November 14, 1958
Appeal, No. 355, Oct. T., 1958, from judgment of Court of Common Pleas of Montgomery County, Feb. T., 1958, No. 137, in case of Mrs. Beatrice R. Grentz, widow of Bruno A. Grentz, v. Danny's Restaurant et al. Judgment affirmed.
John F. Naulty, for appellant.
Frank R. Ambler, for appellee.
Before Rhodes, P.j., Hirt, Gunther, Wright, Woodside, and Watkins, JJ. (ervin, J., absent).
[ 187 Pa. Super. Page 626]
OPINION BY HIRT, J.
Bruno A. Grentz, an experienced chef, had been employed by the defendant in his diner and restaurant for a number of years. There were other cooks under him. His normal working day ended between 3 and 4
[ 187 Pa. Super. Page 627]
p.m. On the morning of July 31, 1954 he left home for his work at about 7:30, apparently in his normal physical condition. The highest recorded temperature on that day was 101 degrees. In the kitchen area of the restaurant, where he worked there were several large ovens and the testimony, which must be accepted in the light of the findings of the board, was that it was 10 to 12 degrees hotter in the kitchen than outside the building. On the above date he performed his usual duties without complaint. About 2:30 on that afternoon Grentz was observed to be sitting outside the kitchen door with his head in his hands. Two hours later he was found sitting on a chair in the diner and his condition then was described as most serious. He was taken to Montgomery Hospital in an ambulance but on arrival was pronounced dead. For 6 years prior to his death (at age 68) Grentz had been under the care of Dr. Dale Garber for coronary sclerosis which had progressively worsened. Immediately prior to his death, according to the doctor's testimony, he carried "nitro-glycerine at all times which he took occasionally and he was also taking aminophyllin, 1 1/2 grains 3 times a day."
In this workmen's compensation case, brought by the dependent widow, the referee found: "3. That the claimant's decedent sustained an accidental injury on July 31, 1954, while in the employ of the defendant from which he died on the same day. 4. The nature and cause of said accidental injury and death were exposure to excessive heat coupled with a pre-existing coronary sclerosis, which together resulted in coronary occlusion and heat exhaustion while claimant's decedent was working in the kitchen of the defendant's diner." On these findings, compensation was awarded. On appeal, the board affirmed the referee's findings of fact, conclusions of law and the award. On further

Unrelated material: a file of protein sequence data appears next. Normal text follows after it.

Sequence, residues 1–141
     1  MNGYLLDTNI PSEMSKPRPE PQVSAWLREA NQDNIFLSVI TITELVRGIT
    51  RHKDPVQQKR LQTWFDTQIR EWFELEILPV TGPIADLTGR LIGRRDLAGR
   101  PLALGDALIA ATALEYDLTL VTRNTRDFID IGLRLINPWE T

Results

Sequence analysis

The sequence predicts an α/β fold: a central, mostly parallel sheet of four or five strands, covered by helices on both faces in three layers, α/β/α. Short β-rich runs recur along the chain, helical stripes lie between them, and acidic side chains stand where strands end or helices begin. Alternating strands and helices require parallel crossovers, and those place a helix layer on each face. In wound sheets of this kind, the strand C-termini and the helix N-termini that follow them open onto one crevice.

[ 187 Pa. Super. Page 628]
appeal however Judge DANNEHOWER for the court en banc reversed the board and entered judgment for the defendant. In so disposing of the appeal the court concluded that the testimony, viewed in the light most favorable to the claimant, was insufficient as a matter of law to prove that heat exhaustion either caused or was a contributing cause of decedent's death.
Heat prostration may constitute a compensable accident if the circumstances indicate that injury or death resulted from it during the course of the employment. Lane v. Horn & Hardart B. Co., 261 Pa. 329, 104 A. 615; Trovato v. W. McCahan Ref. Co. et al., 122 Pa. Superior Ct. 499, 186 A. 163; Consentino v. Union Paving Co., 113 Pa. Superior Ct. 295, 173 A. 470. Such cases when compensable fall within the second class as laid down by the then Mr. Justice STERN in Parks v. Miller P. Mach. Co., 336 Pa. 455, 9 A.2d 742. Toland v. Murphy Brothers, 172 Pa. Superior Ct. 484, 94 A.2d 156; Heinold v. Pgh. Br. Mfg. Co. et al., 149 Pa. Superior Ct. 409, 27 A.2d 267 are other cases within that class. Of course to be compensable heat exhaustion or heat stroke need not be the sole cause of death; it is sufficient if a contributing cause.